What I would say is we're no more risky then anywhere else and we would almost guarantee that they would have an experience. We're selling an experience here because we've got lots of things coming together in one place. 

So if nothing else, you're coming here to have that experience and buying into something special, and have a taste of a restaurant that is doing something that isn't being done anywhere else. 

Create are certainly practising what they preach as three of the kitchen staff and two of the front of house of team are former trainees, with four more out front soon after the opening weekend.


Confidential talked to Richard as he was preparing to open Create - so he invited us to be a guinea pig for the new menu...

I plumped for an old favourite, a grilled plaice fillet that came with seasonal green beans and black bean salsa. The service was efficient without being OTT, and I took the recommendation of new potatoes with herb butter as a side.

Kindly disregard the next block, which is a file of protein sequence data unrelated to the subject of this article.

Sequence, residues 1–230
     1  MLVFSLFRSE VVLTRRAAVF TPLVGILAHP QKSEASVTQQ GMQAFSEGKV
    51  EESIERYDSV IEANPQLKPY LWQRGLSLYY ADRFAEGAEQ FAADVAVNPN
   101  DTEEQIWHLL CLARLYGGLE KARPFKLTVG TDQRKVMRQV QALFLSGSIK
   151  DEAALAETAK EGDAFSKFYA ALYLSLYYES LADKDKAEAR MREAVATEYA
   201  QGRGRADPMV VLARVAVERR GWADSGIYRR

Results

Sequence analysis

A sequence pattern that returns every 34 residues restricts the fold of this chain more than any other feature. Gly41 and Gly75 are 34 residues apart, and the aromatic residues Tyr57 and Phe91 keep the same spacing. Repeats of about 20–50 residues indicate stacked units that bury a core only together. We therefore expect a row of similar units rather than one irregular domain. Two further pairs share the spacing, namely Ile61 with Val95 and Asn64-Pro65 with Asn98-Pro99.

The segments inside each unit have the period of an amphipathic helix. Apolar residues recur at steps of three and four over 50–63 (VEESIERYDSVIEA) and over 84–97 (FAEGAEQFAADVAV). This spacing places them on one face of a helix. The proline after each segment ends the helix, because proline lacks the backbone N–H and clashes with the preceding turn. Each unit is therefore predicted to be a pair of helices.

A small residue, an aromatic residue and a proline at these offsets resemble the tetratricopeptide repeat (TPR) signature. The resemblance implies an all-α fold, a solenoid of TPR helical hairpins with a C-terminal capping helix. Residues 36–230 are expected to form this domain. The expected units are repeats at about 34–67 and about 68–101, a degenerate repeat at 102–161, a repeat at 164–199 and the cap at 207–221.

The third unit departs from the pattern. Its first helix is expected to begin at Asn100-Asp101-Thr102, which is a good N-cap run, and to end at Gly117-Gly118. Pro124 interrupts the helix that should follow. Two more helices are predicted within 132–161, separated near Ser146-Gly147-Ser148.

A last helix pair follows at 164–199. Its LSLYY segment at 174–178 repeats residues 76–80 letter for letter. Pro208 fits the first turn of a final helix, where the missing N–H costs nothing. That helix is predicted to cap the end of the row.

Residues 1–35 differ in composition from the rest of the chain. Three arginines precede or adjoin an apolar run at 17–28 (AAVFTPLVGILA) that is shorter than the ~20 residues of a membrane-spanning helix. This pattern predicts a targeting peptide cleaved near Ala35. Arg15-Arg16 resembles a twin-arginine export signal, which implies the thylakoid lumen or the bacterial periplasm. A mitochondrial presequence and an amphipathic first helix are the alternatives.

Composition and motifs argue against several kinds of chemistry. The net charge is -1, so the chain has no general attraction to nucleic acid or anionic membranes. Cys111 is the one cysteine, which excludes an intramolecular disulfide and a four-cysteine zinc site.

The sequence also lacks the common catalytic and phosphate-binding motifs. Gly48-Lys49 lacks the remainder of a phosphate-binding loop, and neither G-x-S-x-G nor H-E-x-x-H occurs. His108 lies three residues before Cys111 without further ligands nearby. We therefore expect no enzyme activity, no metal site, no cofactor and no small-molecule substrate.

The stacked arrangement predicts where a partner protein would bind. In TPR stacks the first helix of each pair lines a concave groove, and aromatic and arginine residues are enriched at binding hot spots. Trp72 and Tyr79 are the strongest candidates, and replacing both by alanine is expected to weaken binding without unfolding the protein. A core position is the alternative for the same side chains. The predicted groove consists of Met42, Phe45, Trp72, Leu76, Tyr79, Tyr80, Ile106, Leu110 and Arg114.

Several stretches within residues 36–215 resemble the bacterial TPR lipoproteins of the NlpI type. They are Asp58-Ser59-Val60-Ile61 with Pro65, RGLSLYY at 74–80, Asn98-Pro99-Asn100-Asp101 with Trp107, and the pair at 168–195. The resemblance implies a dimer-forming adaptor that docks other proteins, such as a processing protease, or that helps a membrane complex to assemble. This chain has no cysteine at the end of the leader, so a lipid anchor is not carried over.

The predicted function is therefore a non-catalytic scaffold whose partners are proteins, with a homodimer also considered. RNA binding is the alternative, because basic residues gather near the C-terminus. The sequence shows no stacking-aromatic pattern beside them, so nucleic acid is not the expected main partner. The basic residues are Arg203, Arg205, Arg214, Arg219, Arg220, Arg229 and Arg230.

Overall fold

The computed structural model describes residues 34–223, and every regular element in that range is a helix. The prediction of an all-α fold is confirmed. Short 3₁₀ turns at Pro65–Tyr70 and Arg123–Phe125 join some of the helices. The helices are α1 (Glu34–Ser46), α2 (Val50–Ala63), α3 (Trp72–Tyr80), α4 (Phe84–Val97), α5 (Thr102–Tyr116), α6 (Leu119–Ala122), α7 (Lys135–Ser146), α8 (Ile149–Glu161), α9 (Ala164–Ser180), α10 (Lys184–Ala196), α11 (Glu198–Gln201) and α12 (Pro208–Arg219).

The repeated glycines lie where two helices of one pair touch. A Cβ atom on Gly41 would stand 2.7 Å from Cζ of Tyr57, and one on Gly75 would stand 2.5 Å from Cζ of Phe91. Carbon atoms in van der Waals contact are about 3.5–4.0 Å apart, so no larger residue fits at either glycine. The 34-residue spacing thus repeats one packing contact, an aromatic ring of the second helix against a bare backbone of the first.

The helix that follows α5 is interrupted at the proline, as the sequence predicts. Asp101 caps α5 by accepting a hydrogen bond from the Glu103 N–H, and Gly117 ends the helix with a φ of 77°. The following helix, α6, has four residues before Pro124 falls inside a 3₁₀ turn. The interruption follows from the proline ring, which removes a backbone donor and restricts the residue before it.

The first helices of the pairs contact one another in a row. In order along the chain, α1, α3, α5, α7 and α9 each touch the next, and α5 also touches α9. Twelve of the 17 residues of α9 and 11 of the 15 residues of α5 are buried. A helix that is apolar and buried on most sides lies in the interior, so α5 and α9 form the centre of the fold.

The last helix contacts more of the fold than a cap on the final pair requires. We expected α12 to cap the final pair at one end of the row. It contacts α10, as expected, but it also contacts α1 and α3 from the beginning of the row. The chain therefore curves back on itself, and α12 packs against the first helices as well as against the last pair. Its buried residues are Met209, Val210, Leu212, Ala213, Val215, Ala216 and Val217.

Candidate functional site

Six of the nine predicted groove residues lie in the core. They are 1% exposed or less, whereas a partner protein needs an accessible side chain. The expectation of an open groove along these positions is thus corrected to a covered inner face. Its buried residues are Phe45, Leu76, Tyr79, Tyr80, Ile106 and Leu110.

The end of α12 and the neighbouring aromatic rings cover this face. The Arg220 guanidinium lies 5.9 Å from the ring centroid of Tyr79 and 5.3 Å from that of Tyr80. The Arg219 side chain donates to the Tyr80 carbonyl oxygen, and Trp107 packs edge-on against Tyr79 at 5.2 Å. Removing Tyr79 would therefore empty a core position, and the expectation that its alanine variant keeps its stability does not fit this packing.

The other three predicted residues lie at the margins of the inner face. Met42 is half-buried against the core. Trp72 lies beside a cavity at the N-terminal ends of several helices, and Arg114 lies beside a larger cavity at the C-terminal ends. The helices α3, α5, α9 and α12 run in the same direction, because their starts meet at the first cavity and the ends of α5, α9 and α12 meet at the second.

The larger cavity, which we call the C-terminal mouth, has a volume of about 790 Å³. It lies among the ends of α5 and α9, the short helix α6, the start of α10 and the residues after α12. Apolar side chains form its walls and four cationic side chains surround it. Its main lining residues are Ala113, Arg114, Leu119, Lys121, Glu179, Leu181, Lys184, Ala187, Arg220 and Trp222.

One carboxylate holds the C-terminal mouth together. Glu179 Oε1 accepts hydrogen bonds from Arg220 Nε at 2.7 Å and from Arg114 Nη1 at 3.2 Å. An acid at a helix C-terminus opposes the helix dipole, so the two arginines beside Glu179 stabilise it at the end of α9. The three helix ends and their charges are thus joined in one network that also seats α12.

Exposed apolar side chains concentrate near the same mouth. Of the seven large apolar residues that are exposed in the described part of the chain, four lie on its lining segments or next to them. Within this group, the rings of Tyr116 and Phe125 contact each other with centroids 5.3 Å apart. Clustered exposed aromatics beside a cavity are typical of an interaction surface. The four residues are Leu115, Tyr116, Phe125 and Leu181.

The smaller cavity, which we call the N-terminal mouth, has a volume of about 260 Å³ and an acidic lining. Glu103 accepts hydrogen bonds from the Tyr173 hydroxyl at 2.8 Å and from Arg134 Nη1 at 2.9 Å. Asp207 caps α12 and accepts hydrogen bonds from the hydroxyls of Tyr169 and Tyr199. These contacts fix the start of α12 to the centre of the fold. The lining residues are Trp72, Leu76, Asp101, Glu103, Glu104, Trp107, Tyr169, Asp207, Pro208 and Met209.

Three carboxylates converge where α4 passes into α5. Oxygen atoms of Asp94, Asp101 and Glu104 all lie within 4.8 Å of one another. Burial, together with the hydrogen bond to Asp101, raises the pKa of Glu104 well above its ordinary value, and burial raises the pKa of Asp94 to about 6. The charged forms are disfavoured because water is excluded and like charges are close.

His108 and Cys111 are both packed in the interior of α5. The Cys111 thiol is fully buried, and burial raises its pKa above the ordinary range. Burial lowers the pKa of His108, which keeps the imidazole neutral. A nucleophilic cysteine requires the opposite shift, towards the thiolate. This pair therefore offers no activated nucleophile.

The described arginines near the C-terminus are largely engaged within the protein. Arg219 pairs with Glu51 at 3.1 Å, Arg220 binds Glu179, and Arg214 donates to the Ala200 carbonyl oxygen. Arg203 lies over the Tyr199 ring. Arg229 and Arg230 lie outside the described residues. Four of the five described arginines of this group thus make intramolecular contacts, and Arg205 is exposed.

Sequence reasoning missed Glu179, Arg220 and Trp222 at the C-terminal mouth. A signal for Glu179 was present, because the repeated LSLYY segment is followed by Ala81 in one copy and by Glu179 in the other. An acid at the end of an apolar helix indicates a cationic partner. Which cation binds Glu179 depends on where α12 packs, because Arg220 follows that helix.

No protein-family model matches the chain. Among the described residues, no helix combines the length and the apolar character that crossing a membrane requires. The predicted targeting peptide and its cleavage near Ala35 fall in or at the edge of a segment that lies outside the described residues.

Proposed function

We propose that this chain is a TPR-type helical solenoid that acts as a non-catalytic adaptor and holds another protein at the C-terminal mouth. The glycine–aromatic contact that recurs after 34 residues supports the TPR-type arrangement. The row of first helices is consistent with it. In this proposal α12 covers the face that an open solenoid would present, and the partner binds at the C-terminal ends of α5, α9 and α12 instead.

Plaice with asparagusPlaice with asparagusBearing in mind it wasn’t a full service, I have to say the plaice was a quality piece of fish and was grilled to my satisfaction. The beans were fresh and not overcooked, but the salsa was a masterstroke as the sharp taste worked wonderfully well with the meaty fish. My only minor quibble was the butter on the potatoes could have been melted a little more.

There’s no doubting Richard’s enthusiasm for this new project, and his pedigree will be a key component of its success or failure, but the signs are good.

Time will tell if the food lovers of Leeds will agree. Confidential will be back for a paid for review over the next few weeks.


  • Create have launched a great value for money opening deal where two people can get two courses each for only £18.